By Jackie Cannon, News Editor
For the first time in its history, the Student Government Association (SGA) Executive Cabinet delivered a “Vote of No Confidence” in the Office of Residence Life and Housing. Following issues that various members of the campus community have encountered with Residence Life and Housing, some Holy Cross students, led by SGA Co-President Emily Breakell ’17, took it upon themselves to address these issues. They drafted a statement to accompany the Vote of No Confidence to Residence Life, stating their complaints with the hope that Residence Life will be able to increase its collaboration and cooperation with students in the future.
“What was particularly concerning to me was the number of fabulous student leaders I know that felt incredibly discouraged in their various RA/HRA positions,” said Breakell. Throughout the semester, she has spoken to students of varying degrees of involvement with Residence Life, including past and present Resident Assistants (RAs). With this statement, Breakell and other students seek to begin a conversation about issues they see with Residence Life. The statement accompanying the Vote of No Confidence is as follows:
“In review of the 2016-2017 academic year thus far, and in light of the continued lack of professionalism exhibited by the Residence Life and Housing staff, lack of student consideration in the off-campus process, a lack of office and procedural transparency, and a lack of basic accountability to which the office is held, the SGA Cabinet votes no-confidence (18 yea votes, 0 nay votes, 2 abstentions) in the Office of Residence Life and Housing. Our hope is that the Office will take serious steps to improve their relationships with the paraprofessionals that they work with and the greater campus community. The most prominent grievances identified with fellow students are listed below.
Notably, following a party in December involving members of the Resident Assistant (RA) community, a lack of communication from the office left many RAs confused and stressed during sanctioning processes. RAs questioned why similar situations were sanctioned much differently, with punishments ranging from terminations to probation (with and without pay) for varying lengths of time. While we do recognize that each sanctioning case is different and should be treated as such, overwhelmingly, RAs, the students they serve, and others in the community found this process to be unfair and inconsistent. The aftermath of this has further propagated a great deal of uncertainty, frustration, and low morale within the RA community. The SGA Cabinet wants to acknowledge and validate this widespread frustration, as concerns have arisen from many students in the community.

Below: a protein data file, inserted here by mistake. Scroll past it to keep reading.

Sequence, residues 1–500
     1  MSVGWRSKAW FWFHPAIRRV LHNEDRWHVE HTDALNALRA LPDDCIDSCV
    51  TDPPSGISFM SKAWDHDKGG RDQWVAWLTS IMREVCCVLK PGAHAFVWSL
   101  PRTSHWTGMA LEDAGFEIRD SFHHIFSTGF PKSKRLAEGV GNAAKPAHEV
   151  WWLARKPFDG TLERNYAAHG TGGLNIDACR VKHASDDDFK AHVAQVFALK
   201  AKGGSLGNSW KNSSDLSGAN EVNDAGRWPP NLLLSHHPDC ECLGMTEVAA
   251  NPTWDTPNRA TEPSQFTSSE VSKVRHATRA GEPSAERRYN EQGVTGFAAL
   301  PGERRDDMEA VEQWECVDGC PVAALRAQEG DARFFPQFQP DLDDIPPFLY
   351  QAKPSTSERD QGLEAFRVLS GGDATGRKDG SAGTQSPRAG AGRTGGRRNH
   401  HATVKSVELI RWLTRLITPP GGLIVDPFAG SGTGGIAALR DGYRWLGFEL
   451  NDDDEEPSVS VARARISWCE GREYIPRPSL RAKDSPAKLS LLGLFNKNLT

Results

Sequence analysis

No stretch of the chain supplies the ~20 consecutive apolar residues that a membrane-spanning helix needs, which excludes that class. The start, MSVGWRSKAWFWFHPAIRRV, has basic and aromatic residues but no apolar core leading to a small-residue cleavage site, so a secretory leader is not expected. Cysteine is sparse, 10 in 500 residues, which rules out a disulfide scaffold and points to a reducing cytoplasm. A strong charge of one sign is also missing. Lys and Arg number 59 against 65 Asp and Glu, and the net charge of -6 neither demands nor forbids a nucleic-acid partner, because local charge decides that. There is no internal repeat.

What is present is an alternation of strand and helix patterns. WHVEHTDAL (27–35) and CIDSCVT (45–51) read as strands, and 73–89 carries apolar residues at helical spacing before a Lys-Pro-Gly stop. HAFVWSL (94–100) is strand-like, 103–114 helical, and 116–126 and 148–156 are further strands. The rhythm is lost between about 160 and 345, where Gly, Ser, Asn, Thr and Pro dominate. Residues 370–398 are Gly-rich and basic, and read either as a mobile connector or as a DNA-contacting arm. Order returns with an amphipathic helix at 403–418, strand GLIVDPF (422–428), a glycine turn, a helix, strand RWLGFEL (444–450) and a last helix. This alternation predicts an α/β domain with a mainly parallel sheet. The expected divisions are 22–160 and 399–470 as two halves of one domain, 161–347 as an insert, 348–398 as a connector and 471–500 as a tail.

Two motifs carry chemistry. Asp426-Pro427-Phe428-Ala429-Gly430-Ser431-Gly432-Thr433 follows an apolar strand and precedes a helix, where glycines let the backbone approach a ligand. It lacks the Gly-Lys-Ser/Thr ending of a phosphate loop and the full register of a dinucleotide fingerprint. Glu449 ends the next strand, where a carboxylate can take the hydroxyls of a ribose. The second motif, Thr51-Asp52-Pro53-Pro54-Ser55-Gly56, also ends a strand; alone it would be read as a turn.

While the SGA Cabinet has worked with the Office to increase transparency in the Off-Campus Approval Process, it remains that a great number of otherwise eligible students were denied from off-campus housing this year. Lack of concern for how this might affect students who were not expecting a denial to live off-campus demonstrates that the office does not aptly include students in their processes and does not sufficiently consider student opinion before taking action.
Additionally, RAs are held to inconsistent professional standards. For example, while RAs are expected to attend all staff meetings–even when planned at the last minute–and prioritize their RA job above all else, it is well known that basic standards of professionalism will not be reciprocated by Office staff, e.g., reasonable respect for RAs’ privacy and lack of decorum. Rumors and gossip plague the Office and frequently entrench students in difficult situations in which many other people know about their employment status before they do. Staff fail to navigate student conflict with rapport, fail to coherently supervise students, and often, fail to be available during business hours in the Office despite its convenient location on Hogan 1.
While Residence Life and Housing is structurally situated under leadership in Student Affairs, RAs and other students recognize that this accountability falls short. RA concerns are largely left unattended to unless action is taken by an independent organization–e.g., the SGA–because trust is placed in the Office, rather than in student experience. One RA, echoing concerns from others in the community, suggests that there is virtually “no standard by which the Community Development Coordinators (CDCs) nor any professionals in Residence Life hold themselves to; yet student Resident Assistants are held to the highest standards of being examples for others and maintaining the image of a student leader.” Again, we as the SGA implore the Office to hold themselves to a higher standard, and the College to institutionalize more meaningful accountability. After all, if Holy Cross is going to pride itself as a residential institution and deny students from off-campus living privileges, it should take the quality of residential life on campus seriously.”